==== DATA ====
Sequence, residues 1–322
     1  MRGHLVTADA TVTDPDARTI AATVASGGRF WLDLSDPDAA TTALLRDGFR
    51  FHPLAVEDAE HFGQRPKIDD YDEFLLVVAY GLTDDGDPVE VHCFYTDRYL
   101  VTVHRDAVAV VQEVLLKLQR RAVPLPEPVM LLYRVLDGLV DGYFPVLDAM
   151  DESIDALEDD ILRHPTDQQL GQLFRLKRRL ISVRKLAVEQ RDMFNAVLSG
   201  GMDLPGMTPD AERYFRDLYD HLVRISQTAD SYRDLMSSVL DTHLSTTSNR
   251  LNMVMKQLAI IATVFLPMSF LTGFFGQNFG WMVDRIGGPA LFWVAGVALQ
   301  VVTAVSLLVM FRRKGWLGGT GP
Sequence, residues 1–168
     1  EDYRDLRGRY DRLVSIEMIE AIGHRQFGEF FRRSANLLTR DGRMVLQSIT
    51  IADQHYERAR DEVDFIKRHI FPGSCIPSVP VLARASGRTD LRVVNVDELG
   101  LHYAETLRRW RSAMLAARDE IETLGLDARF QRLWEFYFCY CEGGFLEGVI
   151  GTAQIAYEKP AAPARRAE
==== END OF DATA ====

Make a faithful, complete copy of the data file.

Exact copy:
Sequence, residues 1–322
     1  MRGHLVTADA TVTDPDARTI AATVASGGRF WLDLSDPDAA TTALLRDGFR
    51  FHPLAVEDAE HFGQRPKIDD YDEFLLVVAY GLTDDGDPVE VHCFYTDRYL
   101  VTVHRDAVAV VQEVLLKLQR RAVPLPEPVM LLYRVLDGLV DGYFPVLDAM
   151  DESIDALEDD ILRHPTDQQL GQLFRLKRRL ISVRKLAVEQ RDMFNAVLSG
   201  GMDLPGMTPD AERYFRDLYD HLVRISQTAD SYRDLMSSVL DTHLSTTSNR
   251  LNMVMKQLAI IATVFLPMSF LTGFFGQNFG WMVDRIGGPA LFWVAGVALQ
   301  VVTAVSLLVM FRRKGWLGGT GP
Sequence, residues 1–168
     1  EDYRDLRGRY DRLVSIEMIE AIGHRQFGEF FRRSANLLTR DGRMVLQSIT
    51  IADQHYERAR DEVDFIKRHI FPGSCIPSVP VLARASGRTD LRVVNVDELG
   101  LHYAETLRRW RSAMLAARDE IETLGLDARF QRLWEFYFCY CEGGFLEGVI
   151  GTAQIAYEKP AAPARRAE